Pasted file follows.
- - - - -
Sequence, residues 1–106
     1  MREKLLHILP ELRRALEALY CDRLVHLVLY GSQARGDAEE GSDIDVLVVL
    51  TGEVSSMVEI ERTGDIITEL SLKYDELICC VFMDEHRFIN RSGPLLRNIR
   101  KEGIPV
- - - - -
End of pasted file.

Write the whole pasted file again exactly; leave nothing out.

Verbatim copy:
Sequence, residues 1–106
     1  MREKLLHILP ELRRALEALY CDRLVHLVLY GSQARGDAEE GSDIDVLVVL
    51  TGEVSSMVEI ERTGDIITEL SLKYDELICC VFMDEHRFIN RSGPLLRNIR
   101  KEGIPV